Cannabis growers to be given amnesty period
Once a date is set, people who are illegally growing cannabis in this country will be able to hand over the crop without being criminally prosecuted and potentially be able to sell it for medicinal use.
The Cannabis Cultivation (Amnesty) Act (2018) was the second cannabis related Act to be passed on Tuesday in the House of Assembly.
According to agriculture minister Saboto Caesar, the Bill “provides for the grant of an amnesty for the duration and for further periods as may be required to persons engaged in the cultivation of cannabis, contrary to Section 8 of the Drugs Prevention of Misuse Act and any other relevant enactment who may otherwise be liable to criminal prosecution for certain criminal offences and other proceedings under that act or any other relevant enactment enforced”.
In his opening statement during the debate on Tuesday, Caesar said the Bill had nine clauses which were discussed at length in the Select Committee.
He explained that the first draft of the Bill included a date for the commencement of the amnesty period. But this has since been revised to have no specific date, but rather one that is to be appointed by the minister responsible for legal affairs.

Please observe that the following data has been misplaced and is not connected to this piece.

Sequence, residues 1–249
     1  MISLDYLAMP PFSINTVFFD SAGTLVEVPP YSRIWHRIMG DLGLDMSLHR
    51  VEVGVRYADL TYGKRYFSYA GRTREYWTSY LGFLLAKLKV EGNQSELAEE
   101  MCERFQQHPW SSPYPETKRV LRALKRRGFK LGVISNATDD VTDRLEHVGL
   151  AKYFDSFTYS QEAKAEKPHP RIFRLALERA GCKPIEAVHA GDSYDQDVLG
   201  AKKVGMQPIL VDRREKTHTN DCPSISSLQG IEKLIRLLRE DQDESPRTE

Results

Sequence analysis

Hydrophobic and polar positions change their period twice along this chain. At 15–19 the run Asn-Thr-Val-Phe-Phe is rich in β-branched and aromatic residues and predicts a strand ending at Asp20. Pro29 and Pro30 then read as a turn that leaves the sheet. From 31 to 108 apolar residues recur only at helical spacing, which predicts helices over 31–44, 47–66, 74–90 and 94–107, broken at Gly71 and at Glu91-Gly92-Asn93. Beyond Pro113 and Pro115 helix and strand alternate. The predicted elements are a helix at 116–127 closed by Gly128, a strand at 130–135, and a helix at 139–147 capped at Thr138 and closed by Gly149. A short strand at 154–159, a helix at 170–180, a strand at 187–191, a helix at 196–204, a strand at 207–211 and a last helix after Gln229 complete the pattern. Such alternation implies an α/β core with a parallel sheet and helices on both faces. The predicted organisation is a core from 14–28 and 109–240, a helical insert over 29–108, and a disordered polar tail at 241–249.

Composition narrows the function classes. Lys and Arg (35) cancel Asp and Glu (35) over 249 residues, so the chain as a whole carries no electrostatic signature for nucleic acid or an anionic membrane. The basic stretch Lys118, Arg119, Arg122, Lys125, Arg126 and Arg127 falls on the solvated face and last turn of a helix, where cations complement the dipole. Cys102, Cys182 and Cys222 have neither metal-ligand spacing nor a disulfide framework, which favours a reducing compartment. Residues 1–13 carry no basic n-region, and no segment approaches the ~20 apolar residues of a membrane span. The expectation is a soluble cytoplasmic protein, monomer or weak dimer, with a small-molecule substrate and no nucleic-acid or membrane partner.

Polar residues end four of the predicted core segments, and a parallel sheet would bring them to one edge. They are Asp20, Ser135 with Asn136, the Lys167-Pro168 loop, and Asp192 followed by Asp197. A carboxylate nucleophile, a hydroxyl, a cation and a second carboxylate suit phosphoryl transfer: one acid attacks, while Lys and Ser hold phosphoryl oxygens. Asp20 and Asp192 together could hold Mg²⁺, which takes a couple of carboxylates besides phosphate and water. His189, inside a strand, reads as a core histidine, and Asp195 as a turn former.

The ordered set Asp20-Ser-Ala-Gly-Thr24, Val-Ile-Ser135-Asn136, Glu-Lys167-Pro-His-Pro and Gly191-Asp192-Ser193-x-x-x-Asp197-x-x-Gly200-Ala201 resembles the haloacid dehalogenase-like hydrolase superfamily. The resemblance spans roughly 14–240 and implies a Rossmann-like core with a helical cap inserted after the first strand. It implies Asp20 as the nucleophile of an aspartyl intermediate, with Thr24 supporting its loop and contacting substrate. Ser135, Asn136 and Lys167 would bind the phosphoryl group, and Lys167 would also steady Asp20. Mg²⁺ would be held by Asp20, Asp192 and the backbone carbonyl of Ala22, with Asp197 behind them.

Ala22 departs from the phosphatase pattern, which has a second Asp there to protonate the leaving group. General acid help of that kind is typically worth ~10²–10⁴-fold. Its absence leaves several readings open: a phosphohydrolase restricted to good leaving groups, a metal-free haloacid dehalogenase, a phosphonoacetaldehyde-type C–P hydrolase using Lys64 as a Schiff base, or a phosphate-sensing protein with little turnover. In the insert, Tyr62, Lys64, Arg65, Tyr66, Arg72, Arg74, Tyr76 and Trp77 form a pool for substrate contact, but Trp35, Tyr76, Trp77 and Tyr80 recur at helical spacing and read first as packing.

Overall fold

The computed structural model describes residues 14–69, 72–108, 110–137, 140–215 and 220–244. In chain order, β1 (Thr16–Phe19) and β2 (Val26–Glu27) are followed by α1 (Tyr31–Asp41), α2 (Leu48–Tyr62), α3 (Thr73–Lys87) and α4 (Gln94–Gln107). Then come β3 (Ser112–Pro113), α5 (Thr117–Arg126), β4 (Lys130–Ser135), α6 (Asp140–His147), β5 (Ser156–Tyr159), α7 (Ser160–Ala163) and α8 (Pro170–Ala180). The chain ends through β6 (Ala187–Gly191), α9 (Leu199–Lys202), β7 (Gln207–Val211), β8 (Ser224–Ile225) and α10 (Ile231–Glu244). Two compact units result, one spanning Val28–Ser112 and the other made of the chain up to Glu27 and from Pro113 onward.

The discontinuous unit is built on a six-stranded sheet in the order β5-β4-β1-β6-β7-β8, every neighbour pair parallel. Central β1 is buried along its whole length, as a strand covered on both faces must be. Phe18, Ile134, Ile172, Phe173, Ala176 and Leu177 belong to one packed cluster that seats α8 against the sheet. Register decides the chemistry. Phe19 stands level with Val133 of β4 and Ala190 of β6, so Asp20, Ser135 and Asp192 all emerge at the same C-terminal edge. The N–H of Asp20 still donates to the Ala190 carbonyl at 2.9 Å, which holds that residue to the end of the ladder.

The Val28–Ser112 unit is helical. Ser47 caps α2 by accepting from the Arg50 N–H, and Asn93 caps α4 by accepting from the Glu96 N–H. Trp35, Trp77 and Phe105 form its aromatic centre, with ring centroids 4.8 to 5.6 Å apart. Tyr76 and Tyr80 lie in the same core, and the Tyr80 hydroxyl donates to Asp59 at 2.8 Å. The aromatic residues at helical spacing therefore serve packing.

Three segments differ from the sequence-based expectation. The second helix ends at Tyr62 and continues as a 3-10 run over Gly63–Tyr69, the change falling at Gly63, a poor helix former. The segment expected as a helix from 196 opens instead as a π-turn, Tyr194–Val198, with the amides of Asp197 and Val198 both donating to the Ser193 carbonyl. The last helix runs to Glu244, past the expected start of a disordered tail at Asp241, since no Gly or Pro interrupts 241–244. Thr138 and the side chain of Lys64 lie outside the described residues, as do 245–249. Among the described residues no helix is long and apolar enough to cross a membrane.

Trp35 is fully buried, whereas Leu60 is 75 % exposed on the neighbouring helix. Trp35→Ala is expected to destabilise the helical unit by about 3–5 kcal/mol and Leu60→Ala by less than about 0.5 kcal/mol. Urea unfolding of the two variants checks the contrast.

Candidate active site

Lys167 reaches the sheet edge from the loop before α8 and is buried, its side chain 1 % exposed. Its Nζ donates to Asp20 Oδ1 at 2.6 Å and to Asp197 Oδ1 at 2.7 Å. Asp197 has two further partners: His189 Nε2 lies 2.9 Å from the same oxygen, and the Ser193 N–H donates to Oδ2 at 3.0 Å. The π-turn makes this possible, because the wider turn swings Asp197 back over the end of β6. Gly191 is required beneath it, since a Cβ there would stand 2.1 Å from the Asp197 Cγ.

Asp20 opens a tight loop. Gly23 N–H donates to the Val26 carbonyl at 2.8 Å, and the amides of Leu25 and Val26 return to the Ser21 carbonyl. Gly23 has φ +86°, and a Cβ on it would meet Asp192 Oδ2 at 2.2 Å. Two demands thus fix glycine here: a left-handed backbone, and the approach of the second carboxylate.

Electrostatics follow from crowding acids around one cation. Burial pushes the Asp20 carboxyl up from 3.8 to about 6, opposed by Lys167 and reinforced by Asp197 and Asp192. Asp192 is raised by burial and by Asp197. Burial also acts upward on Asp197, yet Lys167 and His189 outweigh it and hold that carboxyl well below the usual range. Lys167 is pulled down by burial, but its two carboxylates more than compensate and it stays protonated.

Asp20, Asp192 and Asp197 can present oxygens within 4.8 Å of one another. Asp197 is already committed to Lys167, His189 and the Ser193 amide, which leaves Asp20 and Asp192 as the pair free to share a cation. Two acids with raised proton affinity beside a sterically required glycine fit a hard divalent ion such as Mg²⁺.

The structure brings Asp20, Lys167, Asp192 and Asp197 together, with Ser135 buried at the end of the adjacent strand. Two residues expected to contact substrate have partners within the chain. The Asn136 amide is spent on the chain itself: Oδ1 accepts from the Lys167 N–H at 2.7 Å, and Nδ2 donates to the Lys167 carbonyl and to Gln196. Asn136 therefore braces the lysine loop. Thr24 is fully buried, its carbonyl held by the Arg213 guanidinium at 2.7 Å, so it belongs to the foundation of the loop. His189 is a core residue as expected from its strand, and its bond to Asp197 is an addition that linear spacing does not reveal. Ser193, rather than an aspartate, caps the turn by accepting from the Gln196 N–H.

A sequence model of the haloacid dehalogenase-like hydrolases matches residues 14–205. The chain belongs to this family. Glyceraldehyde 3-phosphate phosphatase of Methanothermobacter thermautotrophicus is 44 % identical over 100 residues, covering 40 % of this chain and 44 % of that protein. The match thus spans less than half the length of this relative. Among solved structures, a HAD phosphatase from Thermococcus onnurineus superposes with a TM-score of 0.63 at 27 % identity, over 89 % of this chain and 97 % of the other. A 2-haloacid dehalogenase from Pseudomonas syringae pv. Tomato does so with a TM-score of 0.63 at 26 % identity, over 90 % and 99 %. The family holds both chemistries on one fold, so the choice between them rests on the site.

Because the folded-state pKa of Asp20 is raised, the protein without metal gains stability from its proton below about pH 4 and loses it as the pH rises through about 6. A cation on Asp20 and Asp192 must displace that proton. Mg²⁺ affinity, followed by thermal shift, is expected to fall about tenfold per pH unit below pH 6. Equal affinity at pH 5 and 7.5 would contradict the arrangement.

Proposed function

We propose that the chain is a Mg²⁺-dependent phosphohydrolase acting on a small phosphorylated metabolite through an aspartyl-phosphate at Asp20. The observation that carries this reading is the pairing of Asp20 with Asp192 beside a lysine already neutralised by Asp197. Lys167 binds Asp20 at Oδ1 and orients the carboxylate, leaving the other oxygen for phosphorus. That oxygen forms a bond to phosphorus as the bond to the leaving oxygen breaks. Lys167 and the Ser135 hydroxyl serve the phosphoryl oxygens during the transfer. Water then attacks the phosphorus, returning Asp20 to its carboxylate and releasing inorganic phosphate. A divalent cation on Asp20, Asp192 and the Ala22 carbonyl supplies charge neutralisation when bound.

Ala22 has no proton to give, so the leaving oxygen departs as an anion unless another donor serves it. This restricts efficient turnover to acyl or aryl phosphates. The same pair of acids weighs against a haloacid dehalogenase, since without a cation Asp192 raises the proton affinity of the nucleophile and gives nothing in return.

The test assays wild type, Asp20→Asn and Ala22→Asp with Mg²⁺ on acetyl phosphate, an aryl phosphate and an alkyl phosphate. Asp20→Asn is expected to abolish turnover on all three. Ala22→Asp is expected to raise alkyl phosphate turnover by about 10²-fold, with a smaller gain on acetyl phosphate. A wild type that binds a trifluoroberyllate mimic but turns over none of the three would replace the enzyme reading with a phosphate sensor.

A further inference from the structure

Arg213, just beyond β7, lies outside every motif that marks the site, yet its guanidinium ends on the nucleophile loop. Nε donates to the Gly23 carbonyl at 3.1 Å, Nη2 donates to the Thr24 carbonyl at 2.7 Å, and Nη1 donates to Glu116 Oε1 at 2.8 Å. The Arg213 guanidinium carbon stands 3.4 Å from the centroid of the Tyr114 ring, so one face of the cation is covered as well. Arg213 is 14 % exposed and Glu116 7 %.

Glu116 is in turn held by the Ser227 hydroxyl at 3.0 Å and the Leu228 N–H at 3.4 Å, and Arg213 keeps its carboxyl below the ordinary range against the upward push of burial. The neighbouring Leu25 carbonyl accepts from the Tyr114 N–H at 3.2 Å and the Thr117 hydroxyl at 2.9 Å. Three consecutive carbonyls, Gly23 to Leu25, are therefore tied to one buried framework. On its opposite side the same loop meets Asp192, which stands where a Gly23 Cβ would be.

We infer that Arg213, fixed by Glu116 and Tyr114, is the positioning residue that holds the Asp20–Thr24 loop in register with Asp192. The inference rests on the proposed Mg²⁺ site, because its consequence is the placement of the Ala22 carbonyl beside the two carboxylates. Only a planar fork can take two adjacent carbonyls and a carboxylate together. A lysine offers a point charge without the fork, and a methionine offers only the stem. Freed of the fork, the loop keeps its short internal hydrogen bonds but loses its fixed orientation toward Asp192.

This minister is Prime Minister Dr Ralph Gonsalves.
Caesar also outlined some of what is included in the Amnesty Act.
He said that the minister may make regulations pertaining to the scientific testing, sale or disposal of cannabis received during the amnesty period.
The Act also requires that persons seeking amnesty are required to submit specific information including “full name and address of persons, national id number, location of land on which land is cultivated or if harvested, the premises where cannabis is stored. A statement indicating quantity of cultivation or if harvested, the quantity of cannabis that is stored at the premises”.
Caesar also said that the police will play a role in the amnesty process.
The cannabis is subject to inspection and the Cannabis Authority will also have a role to play in various processes which will essentially lead to making a recommendation to the minister for the issuance of a certificate of amnesty.
And persons granted amnesty “shall not engage in cultivation of cannabis during the amnesty, save and except for the harvesting of said cannabis cultivated on or before the commencement of the amnesty period. And after the amnesty period, save and except under a license issued under the Medicinal Cannabis Industry Act.”